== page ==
NCEE CEO and Board Co-Chair Anthony Mackay had a conversation with Charles Fadel, founder and chairman of the Center for Curriculum Redesign (CCR) and visiting scholar at Harvard Graduate School of Education, about what it takes to ensure that schools and teachers have the tools – including pedagogy, professional development, and assessments – needed to effectively teach critical 21st Century skills and of social-emotional learning skills. CCR makes recommendations about which key competencies align best with which disciplines (for example, math classes may focus on developing a growth mindset in learners, while science classes may work on building curiosity) and ways to assess student competencies.

In a series of recently released reports from Georgetown University’s Center on Education and Workforce, new data indicates that young adults need more time than ever before to assemble the necessary education, work, and experience to secure a “good” job and therefore young adults today accumulate less wealth than the previous generation. There are a number of barriers: the rising cost of post-secondary education; limited access to high-quality work-based learning; and the absence of comprehensive counseling and career navigation services. The authors argue that these three barriers only serve to heighten disparities in educational attainment and financial security by race, class, and gender.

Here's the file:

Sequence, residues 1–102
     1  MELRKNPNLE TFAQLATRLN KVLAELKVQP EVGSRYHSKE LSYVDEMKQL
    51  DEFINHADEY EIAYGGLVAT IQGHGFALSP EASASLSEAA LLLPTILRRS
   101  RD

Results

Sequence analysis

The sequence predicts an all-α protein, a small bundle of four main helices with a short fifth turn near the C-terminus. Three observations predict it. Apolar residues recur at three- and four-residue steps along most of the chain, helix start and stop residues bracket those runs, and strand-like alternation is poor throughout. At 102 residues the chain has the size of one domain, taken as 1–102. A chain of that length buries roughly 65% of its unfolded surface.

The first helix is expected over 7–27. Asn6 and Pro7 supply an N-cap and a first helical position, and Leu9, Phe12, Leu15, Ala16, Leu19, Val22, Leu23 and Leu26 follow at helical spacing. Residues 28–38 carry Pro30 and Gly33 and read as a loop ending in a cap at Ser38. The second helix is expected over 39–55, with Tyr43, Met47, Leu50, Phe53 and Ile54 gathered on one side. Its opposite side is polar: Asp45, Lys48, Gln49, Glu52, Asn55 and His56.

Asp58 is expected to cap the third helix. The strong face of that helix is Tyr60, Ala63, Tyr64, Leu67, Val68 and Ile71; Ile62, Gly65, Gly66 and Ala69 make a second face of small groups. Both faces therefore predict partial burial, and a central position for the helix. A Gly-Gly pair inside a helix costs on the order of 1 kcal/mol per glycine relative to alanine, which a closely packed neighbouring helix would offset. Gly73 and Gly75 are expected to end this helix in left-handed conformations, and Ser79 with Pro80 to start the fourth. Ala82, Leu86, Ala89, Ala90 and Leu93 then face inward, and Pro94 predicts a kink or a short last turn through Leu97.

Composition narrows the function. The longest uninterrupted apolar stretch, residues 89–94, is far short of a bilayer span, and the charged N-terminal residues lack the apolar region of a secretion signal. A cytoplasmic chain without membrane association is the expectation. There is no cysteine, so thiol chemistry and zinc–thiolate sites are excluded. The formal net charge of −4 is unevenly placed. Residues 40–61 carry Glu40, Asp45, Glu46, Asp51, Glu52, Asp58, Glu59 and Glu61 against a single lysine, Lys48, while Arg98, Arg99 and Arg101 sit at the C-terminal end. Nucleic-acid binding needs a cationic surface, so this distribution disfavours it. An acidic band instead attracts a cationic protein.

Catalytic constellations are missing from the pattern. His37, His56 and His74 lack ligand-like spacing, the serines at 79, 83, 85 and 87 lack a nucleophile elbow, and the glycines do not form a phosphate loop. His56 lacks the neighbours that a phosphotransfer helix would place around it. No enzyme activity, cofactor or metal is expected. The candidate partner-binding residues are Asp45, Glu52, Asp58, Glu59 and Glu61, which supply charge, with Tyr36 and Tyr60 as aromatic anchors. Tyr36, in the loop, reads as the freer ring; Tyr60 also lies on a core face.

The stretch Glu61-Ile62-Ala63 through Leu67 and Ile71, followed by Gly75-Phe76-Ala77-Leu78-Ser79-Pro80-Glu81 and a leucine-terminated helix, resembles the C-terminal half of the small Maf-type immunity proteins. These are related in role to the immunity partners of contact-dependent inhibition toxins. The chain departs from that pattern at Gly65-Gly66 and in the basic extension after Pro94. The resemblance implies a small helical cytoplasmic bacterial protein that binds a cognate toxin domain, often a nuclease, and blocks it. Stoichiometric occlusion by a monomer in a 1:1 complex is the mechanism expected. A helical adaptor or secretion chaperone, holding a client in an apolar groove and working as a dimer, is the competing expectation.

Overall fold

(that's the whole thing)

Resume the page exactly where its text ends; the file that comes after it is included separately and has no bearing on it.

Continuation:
The Centre for Strategic Education in Australia has released Education for Human Flourishing, a new paper in its leading education series. Author Michael Stevenson, senior advisor for the Organisation for Economic Co-Operation and Development (OECD), considers how education systems need to change to ensure that individuals and societies are able to thrive in the coming age of machines. What makes human intelligence distinct? How can we combine scientific and moral reasoning to give equal weight to the health of the human race and the planet? The paper suggests three competencies will be particularly important for students to master: 1) adaptive problem solving; 2) ethical decision making; and 3) aesthetic perception. 

In Education Next, Chester E. Finn, Jr. provides a detailed history on how the achievement levels for the National Assessment of Educational Progress (NAEP) tests in mathematics and English came to be. His piece, Student Achievement Levels in the Nation’s Report Card: A Brief HIstory of “Basic,” “Proficient,” and “Advanced,” discusses how in the early 1990s the National Assessment Governing Board (NAGB), chaired by Finn at the time, came to establish and define four achievement levels: below basic, basic, proficient, and advanced. The process was not easy and not without controversy. While he supports NAGB’s current effort, being led by Pearson, to update and improve the achievement levels, their descriptors, and how the assessments align with them, he cautions replacing them entirely as they represent “the closest thing America has ever had to nationwide academic standards.”